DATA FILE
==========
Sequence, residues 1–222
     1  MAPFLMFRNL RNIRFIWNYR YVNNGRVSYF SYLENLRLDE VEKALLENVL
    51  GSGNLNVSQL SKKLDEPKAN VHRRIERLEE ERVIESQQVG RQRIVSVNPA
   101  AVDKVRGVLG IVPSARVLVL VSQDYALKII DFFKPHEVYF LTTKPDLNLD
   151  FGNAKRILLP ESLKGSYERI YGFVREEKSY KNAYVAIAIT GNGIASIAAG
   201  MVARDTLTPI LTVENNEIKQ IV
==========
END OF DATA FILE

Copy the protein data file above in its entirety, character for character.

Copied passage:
Sequence, residues 1–222
     1  MAPFLMFRNL RNIRFIWNYR YVNNGRVSYF SYLENLRLDE VEKALLENVL
    51  GSGNLNVSQL SKKLDEPKAN VHRRIERLEE ERVIESQQVG RQRIVSVNPA
   101  AVDKVRGVLG IVPSARVLVL VSQDYALKII DFFKPHEVYF LTTKPDLNLD
   151  FGNAKRILLP ESLKGSYERI YGFVREEKSY KNAYVAIAIT GNGIASIAAG
   201  MVARDTLTPI LTVENNEIKQ IV